EU to End Data Roaming Charges by 2017

Airport businessman using phoneData roaming charges are set to be abolished within the European Union by June 2017, the European Parliament has announced, with companies given 14 months to reduce charges down to zero.

The agreement, reached in the early hours of today, will also require telecom operators to treat most kinds of internet traffic equally, cementing some of the principles of net neutrality within European law.

From April 2016, network operators will still be able to add surcharges, but will be limited to €0.05 (£0.04) extra per minute for calls, €0.02 extra per SMS sent and €0.05 extra per megabyte of data used. According to the European Commission, this cap will ensure roaming is 75 per cent cheaper during the interim period.

The agreement comes after years of campaigning to cut roaming charges within the EU and define EU nations approach to net neutrality and the regulation of internet traffic. Initial proposals were put forward in March, but the agreement passed is considered stronger than the March plans.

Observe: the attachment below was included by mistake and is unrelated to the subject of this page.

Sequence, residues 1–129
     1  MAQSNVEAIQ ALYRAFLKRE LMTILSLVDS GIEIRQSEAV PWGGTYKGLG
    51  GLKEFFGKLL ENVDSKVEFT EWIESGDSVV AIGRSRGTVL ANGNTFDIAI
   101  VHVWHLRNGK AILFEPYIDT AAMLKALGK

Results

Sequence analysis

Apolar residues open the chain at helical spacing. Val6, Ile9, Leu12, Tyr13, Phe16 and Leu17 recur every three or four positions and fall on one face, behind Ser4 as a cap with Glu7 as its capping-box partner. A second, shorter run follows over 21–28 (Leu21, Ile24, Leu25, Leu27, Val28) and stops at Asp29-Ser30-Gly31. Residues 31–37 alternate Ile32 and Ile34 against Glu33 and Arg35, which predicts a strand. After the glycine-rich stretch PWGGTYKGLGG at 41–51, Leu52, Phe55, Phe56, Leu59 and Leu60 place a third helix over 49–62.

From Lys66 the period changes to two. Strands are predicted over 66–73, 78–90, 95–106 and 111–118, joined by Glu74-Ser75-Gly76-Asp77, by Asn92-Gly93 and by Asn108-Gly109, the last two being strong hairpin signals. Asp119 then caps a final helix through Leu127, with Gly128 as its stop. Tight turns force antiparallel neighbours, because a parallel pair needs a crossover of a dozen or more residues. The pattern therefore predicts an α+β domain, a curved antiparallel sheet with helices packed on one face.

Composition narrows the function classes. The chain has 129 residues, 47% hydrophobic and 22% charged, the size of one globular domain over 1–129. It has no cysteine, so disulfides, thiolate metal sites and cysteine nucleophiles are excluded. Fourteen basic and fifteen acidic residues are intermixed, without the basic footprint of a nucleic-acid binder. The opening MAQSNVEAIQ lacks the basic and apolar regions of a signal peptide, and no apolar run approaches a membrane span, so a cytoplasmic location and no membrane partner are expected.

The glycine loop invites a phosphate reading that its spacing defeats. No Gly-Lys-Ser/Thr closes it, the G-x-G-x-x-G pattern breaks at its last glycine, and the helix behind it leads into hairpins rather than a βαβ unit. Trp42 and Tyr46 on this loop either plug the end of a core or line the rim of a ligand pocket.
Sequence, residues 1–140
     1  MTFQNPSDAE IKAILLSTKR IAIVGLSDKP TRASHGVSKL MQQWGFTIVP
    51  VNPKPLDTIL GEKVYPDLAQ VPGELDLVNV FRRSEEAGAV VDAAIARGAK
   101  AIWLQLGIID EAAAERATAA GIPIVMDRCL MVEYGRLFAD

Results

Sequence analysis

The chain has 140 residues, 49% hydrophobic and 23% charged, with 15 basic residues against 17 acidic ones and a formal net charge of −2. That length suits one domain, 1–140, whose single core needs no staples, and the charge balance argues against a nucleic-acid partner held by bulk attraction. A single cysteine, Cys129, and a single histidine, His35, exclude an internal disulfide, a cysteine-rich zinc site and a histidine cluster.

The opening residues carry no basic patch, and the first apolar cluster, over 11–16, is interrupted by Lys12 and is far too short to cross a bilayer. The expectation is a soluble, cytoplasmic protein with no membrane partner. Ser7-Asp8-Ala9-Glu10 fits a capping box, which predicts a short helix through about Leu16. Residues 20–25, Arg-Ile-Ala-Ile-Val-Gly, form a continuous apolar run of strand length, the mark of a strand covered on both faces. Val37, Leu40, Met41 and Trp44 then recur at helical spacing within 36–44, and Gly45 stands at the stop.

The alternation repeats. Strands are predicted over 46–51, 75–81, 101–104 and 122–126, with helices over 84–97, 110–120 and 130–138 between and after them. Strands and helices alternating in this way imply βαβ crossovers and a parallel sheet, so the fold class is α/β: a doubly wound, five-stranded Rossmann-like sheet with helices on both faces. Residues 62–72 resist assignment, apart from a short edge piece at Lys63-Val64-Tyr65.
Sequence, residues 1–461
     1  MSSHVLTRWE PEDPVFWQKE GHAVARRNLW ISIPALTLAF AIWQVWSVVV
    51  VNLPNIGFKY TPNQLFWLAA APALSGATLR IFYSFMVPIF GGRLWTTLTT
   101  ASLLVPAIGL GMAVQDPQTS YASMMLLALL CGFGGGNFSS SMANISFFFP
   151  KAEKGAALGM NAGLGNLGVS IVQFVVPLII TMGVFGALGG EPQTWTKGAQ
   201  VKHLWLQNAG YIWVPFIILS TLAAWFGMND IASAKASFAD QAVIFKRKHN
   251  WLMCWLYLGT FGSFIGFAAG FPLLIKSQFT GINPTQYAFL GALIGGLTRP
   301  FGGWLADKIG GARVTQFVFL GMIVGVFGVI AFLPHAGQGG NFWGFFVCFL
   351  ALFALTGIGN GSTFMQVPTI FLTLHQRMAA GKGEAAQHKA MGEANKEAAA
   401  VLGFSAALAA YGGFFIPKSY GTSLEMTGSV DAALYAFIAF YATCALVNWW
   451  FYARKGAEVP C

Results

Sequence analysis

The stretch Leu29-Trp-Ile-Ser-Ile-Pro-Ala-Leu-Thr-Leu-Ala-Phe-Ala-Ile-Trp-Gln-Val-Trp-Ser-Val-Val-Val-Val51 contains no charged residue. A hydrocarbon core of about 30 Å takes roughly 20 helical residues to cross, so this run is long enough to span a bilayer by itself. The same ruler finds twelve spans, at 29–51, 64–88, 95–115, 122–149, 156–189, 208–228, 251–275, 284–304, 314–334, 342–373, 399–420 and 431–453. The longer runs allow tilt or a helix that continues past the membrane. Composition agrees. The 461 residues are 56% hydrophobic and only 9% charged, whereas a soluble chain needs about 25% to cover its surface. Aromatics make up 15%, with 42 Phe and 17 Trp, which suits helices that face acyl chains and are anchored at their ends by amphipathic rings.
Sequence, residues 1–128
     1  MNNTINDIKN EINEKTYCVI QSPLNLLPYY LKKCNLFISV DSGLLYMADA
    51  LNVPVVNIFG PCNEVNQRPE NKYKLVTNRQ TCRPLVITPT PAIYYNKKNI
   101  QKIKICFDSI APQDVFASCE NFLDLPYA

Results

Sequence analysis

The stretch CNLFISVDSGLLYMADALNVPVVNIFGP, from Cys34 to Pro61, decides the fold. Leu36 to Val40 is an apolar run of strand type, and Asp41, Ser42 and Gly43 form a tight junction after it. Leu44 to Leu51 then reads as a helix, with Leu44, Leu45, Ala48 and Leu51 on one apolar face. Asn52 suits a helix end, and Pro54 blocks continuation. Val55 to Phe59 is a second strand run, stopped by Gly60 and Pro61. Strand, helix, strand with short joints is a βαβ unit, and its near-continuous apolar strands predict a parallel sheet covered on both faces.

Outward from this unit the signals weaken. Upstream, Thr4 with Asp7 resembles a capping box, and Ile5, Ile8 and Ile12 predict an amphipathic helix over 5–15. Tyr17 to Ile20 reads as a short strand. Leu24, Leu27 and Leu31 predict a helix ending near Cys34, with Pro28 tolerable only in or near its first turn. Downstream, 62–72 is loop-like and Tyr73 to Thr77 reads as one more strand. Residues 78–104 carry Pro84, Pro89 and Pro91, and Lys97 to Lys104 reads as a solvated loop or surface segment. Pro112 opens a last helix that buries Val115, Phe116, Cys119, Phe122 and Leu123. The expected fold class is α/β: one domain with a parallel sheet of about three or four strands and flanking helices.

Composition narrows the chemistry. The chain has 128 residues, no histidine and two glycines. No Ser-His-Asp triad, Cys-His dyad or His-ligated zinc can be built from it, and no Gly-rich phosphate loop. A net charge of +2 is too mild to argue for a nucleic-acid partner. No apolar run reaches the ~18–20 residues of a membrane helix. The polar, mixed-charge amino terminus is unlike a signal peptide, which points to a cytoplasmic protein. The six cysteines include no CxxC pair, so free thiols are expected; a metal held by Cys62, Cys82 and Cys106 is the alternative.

“This is a great success for the European Union and the Latvian presidency,” said Anrijs Mat?ss, the Latvian Minister for Transport. “The Latvian presidency has put a lot of effort into finalising the Telecom Single Market proposal – we revived the proposal from scratch and reached agreement. This would not have been possible without the commitment and constructive approach of the member states, the European Parliament and the European Commission.”

“Plans to abolish roaming charges by mid-2017 are good news for mobile users across the continent, and signifies a natural end-point to gradual price reductions enforced by the EU since 2007,” said Adrian Baschnonga, lead telecoms analyst at EY. “However, new net neutrality guidelines may still present challenges in terms of implementation.

“While operators have the scope to prioritise certain types of traffic, such as IPTV, as a route to greater service innovation, there may be penalties for breaching this nuanced set of open internet rules. What these guidelines and penalties will actually look like, and how they will be policed and enforced, is yet to be seen so there could be a sting in the tail for operators.”